One of those contracts was with the Humboldt Park-based Youth Connections, which was expecting $900,000 to fund 250 jobs.
“I was sad. I was crushed,” said Founder of Fellowship Connections Lynette Santiago. “In this economy and in this community we serve, to have to tell people that they are no longer employed… I don’t know.”
Pfleger said the cuts are “inappropriate” at the time and come at a time when the governor is raising the salaries of his own staff.
“In order to keep the income tax low, he’s going to have to make spending cuts in the state budget,” said Diana Rickert of the Illinois Policy Institute, a free market think thank that is a Rauner beneficiary.
Rickert expects the governor to cut selected social programs as well as state worker jobs and salaries.
“Everything is fair game for cuts this year,” Rickert says. “The reason why is government has been over spending for many, many years.”
Communities United, formerly known as the Albany Park Neighborhood Council, had planned to use its $276,000 grant mainly to operate its popular Bikes N’ Roses program, which I have written about previously.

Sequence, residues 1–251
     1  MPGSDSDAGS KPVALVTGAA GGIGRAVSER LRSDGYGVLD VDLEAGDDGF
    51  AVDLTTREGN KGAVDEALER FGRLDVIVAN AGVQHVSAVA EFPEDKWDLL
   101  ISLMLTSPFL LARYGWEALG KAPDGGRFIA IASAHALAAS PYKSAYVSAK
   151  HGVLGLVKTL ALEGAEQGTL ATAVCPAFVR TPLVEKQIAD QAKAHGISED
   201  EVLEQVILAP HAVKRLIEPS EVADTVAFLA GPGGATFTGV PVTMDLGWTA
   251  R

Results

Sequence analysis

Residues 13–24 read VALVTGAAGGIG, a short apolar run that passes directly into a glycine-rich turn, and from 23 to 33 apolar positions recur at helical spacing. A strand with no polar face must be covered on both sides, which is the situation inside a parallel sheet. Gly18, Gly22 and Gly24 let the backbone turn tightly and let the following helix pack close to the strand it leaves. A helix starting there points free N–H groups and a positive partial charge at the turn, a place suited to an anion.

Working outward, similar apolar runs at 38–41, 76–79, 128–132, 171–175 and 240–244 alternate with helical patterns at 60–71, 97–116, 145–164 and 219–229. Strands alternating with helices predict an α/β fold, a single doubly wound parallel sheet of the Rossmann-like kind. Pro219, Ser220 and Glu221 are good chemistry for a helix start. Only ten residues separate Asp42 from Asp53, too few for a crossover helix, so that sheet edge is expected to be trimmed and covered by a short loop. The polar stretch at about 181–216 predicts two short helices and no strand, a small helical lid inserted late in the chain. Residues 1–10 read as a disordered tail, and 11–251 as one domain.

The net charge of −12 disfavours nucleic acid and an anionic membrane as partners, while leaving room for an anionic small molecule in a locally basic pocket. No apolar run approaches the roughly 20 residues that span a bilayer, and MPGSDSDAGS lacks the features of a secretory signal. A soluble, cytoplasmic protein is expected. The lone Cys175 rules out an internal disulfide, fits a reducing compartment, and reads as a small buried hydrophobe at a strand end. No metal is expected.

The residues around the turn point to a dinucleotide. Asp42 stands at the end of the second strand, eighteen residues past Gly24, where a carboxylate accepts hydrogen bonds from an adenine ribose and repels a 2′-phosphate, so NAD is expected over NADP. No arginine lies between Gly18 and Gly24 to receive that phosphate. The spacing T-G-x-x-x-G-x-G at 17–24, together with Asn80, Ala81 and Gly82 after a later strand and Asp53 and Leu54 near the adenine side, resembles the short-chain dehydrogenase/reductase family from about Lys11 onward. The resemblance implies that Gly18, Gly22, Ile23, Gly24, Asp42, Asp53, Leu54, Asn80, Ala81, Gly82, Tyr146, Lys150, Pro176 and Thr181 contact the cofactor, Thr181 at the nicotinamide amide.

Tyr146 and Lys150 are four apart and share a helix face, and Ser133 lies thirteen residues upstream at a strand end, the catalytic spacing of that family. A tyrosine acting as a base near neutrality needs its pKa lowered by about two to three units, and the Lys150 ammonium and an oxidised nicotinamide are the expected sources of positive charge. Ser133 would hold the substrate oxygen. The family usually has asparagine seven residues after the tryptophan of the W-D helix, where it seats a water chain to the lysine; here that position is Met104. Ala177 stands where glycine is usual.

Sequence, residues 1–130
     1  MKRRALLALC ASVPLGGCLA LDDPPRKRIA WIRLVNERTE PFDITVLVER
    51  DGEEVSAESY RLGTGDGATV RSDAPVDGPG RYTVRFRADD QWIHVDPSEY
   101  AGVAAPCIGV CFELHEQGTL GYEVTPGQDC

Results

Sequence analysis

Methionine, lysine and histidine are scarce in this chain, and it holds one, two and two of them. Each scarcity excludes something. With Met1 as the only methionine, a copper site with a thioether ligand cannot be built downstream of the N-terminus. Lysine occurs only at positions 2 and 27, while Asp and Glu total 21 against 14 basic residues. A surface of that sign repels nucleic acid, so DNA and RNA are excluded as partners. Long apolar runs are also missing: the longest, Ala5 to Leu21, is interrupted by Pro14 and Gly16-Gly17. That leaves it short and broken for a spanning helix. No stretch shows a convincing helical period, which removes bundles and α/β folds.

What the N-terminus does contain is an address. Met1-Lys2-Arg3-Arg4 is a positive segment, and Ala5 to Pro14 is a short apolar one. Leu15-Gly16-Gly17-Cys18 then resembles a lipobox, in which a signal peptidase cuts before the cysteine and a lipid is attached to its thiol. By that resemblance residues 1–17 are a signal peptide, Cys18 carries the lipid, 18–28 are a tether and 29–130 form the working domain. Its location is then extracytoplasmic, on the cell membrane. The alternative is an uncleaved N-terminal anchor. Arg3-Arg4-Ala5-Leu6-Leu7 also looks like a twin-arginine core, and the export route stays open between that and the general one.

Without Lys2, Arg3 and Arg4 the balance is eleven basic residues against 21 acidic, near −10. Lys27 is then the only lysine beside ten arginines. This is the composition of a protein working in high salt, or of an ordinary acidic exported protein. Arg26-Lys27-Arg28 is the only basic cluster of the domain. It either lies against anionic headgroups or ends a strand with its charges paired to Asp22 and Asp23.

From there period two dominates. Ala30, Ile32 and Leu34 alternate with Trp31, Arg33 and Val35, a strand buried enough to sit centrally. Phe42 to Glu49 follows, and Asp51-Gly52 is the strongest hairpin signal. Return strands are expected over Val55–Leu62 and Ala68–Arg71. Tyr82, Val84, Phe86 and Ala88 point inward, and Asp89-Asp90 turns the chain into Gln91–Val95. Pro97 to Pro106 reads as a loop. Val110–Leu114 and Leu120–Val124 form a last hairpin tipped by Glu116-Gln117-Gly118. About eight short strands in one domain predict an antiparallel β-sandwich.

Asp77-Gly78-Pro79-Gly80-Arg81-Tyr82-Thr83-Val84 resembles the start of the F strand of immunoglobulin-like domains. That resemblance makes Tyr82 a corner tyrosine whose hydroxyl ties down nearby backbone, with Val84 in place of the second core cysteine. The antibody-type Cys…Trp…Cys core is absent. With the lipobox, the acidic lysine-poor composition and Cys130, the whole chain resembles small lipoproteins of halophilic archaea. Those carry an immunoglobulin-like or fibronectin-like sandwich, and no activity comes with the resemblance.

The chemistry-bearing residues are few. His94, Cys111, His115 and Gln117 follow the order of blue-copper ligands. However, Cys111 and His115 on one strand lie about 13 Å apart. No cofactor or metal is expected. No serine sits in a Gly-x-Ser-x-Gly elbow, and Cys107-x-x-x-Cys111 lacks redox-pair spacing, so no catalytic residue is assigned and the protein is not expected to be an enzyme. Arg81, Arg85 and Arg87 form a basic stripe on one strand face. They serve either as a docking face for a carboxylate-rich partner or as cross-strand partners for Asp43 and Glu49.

The group employs neighborhood youth after school and during the summer to work in its bike repair shop, where they are trained not only to completely overhaul a bicycle but also to work with the public, to come to work on time and to meet deadlines.
Oscar Rivera Jr., the program director, had already hired 50 kids and was planning to open a second shop in the Belmont Cragin neighborhood. Some had quit other jobs to take this one, he said.
A watchdog group Tuesday asked the Office of Congressional Ethics to examine whether Rep. Aaron Schock of Illinois acted improperly by accepting free services from an interior designer who redid his offices with a “Downton Abbey” motif.
The Citizens for Responsibility and Ethics in Washington asked for the probe in a letter from Anne Weismann, its interim executive director and chief counsel.
The request was prompted by a story in Tuesday’s Washington Post about the fresh decor in the Republican lawmaker’s Rayburn Building office. […]
The paper quoted Schock’s office as saying Brahler offered her services for free, His congressional district includes Jacksonville, Ill., where Euro Trash is located.
In December 2009 he paid $7,400 to an Illinois design/build firm called KBL Design Center, and then another $21,000 to a hardwood floor company, a building contractor and company called Old World Granite and Marble that apparently makes high-end countertops. He then spent $6,600 on an Illinois painting contractor.